Health is, without a doubt, one of the most popular topics searched for when people go online. Indeed, a UK study suggested that nearly half of all searches are health-related.
The thing is, not all of the information we find when we do these searches is particularly accurate. Indeed, one Belgian campaign urged people to not Google their symptoms precisely because it tended to do more harm than good. Much better, they suggest, to talk directly to a qualified professional instead.
That doesn’t stop the majority of us, however, from heading to Google as our first port of call when attempting to diagnose ourselves. So, an Israeli startup is especially interesting, as they are aiming to ensure people have accurate information that they can rely on in their time of need.
The venture, called Kang Health, consists of a website and app that utilize AI to ensure we get the best quality information possible.
A Digital Brain
The service aims to mine the web to search for your symptoms online, but rather than regurgitating somewhat ropy diagnoses, the system aims to use the information shared by the patient to better match them with the correct result.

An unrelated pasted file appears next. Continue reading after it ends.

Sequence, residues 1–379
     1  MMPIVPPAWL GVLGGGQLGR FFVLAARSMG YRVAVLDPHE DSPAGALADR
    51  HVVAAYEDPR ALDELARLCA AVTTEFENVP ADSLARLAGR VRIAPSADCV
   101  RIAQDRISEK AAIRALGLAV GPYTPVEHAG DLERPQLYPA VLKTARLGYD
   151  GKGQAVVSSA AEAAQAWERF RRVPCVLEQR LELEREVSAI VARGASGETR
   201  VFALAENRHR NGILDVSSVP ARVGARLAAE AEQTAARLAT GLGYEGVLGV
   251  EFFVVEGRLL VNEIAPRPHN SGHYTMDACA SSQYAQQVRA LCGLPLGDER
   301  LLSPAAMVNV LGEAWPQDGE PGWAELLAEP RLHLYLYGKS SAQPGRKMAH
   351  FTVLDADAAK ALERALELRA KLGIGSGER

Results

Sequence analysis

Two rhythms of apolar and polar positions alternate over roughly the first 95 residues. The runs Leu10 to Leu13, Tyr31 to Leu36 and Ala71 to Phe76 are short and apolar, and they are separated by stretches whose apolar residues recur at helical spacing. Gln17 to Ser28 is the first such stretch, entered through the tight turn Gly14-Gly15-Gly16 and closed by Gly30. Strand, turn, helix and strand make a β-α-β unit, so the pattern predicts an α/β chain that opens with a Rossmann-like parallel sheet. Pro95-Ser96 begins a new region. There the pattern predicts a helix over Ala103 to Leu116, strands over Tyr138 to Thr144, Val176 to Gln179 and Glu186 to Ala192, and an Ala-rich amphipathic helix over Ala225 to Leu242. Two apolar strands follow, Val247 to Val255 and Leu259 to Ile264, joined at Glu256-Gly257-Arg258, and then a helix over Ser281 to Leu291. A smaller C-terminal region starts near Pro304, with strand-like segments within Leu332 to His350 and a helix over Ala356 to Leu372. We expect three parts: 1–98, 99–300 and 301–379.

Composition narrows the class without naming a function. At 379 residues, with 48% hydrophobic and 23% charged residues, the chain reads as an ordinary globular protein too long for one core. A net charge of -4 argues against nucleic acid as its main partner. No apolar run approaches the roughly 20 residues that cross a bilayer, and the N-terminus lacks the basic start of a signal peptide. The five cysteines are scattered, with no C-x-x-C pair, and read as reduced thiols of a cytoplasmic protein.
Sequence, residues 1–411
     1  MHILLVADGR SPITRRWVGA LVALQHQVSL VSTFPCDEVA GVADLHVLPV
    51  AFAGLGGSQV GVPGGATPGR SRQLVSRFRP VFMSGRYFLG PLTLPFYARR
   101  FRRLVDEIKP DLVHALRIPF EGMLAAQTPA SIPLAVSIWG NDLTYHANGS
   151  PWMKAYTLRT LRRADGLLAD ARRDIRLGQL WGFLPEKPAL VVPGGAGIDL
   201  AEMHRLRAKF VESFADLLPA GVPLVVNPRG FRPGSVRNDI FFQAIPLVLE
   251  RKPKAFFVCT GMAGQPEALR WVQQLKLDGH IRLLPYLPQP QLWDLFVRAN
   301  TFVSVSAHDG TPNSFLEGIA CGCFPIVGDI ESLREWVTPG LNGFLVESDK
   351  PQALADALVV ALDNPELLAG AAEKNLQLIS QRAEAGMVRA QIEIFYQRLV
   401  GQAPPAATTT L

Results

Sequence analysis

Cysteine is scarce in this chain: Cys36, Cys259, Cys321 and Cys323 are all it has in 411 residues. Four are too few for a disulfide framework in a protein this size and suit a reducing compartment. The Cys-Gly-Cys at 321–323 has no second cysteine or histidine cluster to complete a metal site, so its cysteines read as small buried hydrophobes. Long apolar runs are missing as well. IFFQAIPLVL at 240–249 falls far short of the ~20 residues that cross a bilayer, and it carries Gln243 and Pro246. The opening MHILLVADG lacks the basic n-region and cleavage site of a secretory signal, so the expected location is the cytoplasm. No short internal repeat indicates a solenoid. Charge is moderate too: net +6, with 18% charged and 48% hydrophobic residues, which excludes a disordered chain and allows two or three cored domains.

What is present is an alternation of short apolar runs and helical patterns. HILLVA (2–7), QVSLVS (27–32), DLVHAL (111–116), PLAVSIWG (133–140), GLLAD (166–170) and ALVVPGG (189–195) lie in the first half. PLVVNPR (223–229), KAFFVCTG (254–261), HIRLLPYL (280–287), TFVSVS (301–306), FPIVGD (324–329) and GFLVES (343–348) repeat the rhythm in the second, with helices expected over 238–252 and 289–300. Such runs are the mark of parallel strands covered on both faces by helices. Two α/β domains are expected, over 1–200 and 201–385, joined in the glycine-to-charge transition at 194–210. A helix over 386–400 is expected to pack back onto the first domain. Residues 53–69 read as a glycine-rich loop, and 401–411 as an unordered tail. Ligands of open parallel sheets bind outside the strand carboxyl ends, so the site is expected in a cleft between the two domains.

This information could be demographic information or the symptoms they’re experiencing. This information is then cross-referenced with similar searches from similar people before then returning what it believes is the most accurate diagnosis, together with a recommendation to see a professional.
The information is validated by a couple of full-time doctors to ensure it is as accurate as possible, but given the breadth of possible information sought via the service I’m not sure how scalable that is.|
“Kang will liberate consumers from the shackles of the lowest common denominator of low quality health related online data...We don’t pertain to dispense medical advice; we are simply providing consumers with the ability to be directly involved in making decisions about their own body,” the company says.
Of course, they aren’t the only service aiming to provide more accurate triaging of symptoms. For instance, last summer, the telehealth platform Babylon launched a service that was fully AI-driven.
The service was tested both live against experienced doctors and nurses over a more prolonged period and performed strongly on both occasions. Indeed, the AI system was found to be both more accurate and considerably faster (and therefore cheaper) than human based triage services.
As our demands for health care grow ever larger, it seems inevitable that computers will have to evolve to play a more significant role. A number of platforms are innovating in the space, and it will be interesting to track how they perform in the marketplace over the coming year.